Entrance feeder vs. top feeder
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  1. #1
    Join Date
    Mar 2008
    Location
    Fairfax, VA
    Posts
    10

    Default Entrance feeder vs. top feeder

    My bees readily drain the entrance feeder, but when i switched to a top feeder, they ignored it for more than a week. I cleaned out the feeder, and replaced the syrup with a richer sugar mixture, but still no interest. Any suggestions?

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  3. #2
    Join Date
    Jun 2014
    Location
    Fargo, North Dakota
    Posts
    290

    Default Re: Entrance feeder vs. top feeder

    Beekeeping is local, but my experience is that once flowers emerge, syrup intake stops.

  4. #3
    Join Date
    Apr 2017
    Location
    Aylett, Virginia
    Posts
    4,945

    Default Re: Entrance feeder vs. top feeder

    Ed, my bees are producing real honey already here just south of you in Richmond. I only have feeders on my splits and weak hives.

    To your question though, add a tsp. or two of annis extract to a gallon of syrup. They will find it soon enough. For me, bees that are not used to a top feeder tend to take several days to get the memo. Once they do, you will find bees in the feeders for a week after you let them run out.
    Thankfully, the bees are smarter than I am. They are doing well, in spite of my efforts to help them.

  5. #4
    Join Date
    Apr 2018
    Location
    Northern Colorado, USA
    Posts
    785

    Default Re: Entrance feeder vs. top feeder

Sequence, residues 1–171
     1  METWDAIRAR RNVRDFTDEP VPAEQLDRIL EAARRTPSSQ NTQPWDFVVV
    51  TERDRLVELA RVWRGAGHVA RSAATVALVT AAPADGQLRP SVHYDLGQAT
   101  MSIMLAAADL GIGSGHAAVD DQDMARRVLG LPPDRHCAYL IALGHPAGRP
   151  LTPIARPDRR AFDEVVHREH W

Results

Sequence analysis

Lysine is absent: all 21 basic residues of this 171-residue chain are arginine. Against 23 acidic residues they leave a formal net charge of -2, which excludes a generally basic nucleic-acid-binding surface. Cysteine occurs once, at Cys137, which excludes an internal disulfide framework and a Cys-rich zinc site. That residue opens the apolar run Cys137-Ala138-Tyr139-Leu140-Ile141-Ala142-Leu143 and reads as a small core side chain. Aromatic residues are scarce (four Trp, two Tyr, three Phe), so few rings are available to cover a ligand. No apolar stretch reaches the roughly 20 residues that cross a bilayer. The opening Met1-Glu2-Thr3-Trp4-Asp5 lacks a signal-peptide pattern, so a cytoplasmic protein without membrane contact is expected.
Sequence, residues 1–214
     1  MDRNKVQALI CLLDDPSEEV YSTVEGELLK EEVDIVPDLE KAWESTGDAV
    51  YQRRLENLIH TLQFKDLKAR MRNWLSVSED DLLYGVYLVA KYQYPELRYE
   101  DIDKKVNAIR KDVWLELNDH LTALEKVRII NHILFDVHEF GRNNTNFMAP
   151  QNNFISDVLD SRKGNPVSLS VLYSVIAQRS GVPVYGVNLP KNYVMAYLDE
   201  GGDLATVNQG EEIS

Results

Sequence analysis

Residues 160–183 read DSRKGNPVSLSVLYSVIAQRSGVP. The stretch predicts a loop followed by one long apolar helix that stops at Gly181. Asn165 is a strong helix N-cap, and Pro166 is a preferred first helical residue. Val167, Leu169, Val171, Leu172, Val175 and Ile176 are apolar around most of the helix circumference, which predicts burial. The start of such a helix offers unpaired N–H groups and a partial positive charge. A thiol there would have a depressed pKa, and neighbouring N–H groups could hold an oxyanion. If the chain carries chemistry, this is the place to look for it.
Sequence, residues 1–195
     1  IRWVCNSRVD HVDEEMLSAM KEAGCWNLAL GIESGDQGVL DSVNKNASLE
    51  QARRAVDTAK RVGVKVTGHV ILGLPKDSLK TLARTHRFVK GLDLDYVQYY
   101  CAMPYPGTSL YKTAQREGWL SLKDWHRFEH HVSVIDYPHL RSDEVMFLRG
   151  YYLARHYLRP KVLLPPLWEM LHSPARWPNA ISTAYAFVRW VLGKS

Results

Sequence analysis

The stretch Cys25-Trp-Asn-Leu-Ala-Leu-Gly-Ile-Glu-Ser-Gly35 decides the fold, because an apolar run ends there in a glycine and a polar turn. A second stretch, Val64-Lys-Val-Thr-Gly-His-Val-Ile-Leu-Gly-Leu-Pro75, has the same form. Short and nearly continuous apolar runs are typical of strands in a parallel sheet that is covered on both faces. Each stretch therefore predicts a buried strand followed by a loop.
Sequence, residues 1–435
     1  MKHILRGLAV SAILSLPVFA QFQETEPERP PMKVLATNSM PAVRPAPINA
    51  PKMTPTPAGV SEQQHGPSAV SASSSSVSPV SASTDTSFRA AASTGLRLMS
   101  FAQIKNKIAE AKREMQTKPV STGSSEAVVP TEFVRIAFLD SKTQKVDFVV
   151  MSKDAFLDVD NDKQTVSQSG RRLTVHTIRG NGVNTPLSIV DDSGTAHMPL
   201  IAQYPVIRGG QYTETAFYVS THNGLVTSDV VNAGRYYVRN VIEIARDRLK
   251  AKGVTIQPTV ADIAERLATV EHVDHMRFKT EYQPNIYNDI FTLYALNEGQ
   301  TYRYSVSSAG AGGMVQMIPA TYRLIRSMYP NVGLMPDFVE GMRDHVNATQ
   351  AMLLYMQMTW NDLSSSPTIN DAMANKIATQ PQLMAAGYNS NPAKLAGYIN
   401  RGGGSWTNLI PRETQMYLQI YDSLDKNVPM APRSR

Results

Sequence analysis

Other thing that may help is running a few drops of syrup down the ladder/bee tube from the feeder into the hive. I suspect doing this may guide some bees in with the logic of they are following the sugar trail.

    What have the temperatures in your area been? Is it possible that the top feeder is to cold, and the entrance feeder was getting warmed by the sun?

  6. #5
    Join Date
    Sep 2019
    Location
    Jasper, Georgia, USA
    Posts
    61

    Default Re: Entrance feeder vs. top feeder

    @elmer_fud Exactly what I did a week ago. Brought home a nuc and per advice of the seller transferred it to a ten frame the same day. New, never used rapid feeder and noticed the bees had not found it four or five hours later. Seemed the most logical thing to do was dip my finger in and dribble a few drops down the side of the center tube. By the next day they were busy as bees working the 1 to 1. Hope they turn every drop to wax! Just starting out so need that drawn comb.

    Assuming they are also bringing in nectar since there almost always seem to be more bees with out pollen than with. Is there any way to tell what the other foragers are doing? Nectar, water, scouting... My guess is the clumsy ones that do not know how the entrance works are young bees on their orientation flight. Pollen gathers and a good portion of the unknowns fly straight to the center of the Guardian entrance.

  7. #6
    Join Date
    Apr 2018
    Location
    Northern Colorado, USA
    Posts
    785

    Default Re: Entrance feeder vs. top feeder

    Quote Originally Posted by William Bagwell View Post